There is no doubt that he has had a tremendous influence, because you see, married love was not mentioned, because many people made the tremendous mistake of assuming that if you say "love," you mean "lust." And one of the basic ideas of my husband, was the distinction between natural love — which is a love of a husband for wife, of parents for children, of friend for friend, or sibling for sibling — as opposed to supernatural love, which is a love of God and the love of neighbor. One of his basic ideas is that we forget that every natural love is a crippled love unless it is transformed in Christ. Therefore you cannot simply say, "My love for my husband is a natural love, and therefore it has to remain in natural categories." He says, no, it has to be transformed in Christ, and become supernatural. You see, one of his basic and beautiful ideas, which has always impressed me very deeply, is where he says, "Every purely natural love is tragic." Because love longs for infinity, longs for perfection, longs for eternity, and we can't reach it on our own. It is only by partaking in Christ's love for the beloved that you reach this. And, therefore, marriage is not to be excluded. You can truly say that marriage is particularly called upon to be spiritualized by supernatural life.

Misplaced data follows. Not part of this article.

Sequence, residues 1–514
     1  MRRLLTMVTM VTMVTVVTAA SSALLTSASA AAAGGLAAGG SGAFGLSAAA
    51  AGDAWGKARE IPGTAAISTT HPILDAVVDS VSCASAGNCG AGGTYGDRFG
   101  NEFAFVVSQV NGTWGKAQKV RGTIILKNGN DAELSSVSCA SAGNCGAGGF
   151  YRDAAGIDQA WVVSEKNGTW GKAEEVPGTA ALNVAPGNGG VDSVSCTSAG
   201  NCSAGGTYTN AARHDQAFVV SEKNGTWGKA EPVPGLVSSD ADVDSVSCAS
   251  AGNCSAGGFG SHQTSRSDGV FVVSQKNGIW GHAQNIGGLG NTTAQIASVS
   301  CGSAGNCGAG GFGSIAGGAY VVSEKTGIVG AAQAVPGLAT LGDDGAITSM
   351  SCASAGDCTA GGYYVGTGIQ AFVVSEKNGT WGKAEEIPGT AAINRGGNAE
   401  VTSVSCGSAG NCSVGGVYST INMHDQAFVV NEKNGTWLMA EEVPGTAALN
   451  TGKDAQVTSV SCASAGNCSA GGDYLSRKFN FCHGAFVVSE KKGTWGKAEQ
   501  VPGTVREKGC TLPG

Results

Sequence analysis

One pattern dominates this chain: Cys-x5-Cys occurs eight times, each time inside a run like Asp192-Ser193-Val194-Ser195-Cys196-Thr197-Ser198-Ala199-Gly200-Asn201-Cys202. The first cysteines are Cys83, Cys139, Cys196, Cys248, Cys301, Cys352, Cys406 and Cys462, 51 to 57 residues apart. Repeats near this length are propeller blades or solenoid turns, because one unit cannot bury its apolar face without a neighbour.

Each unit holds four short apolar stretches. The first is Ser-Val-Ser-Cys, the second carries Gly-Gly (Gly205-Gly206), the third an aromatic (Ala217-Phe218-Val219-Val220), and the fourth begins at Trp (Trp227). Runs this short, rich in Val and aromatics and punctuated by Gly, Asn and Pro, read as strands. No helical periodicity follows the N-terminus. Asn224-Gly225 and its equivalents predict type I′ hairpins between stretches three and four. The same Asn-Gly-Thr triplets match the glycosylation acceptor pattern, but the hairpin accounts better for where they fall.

In his book, The Heart, he stressed the importance of affectivity...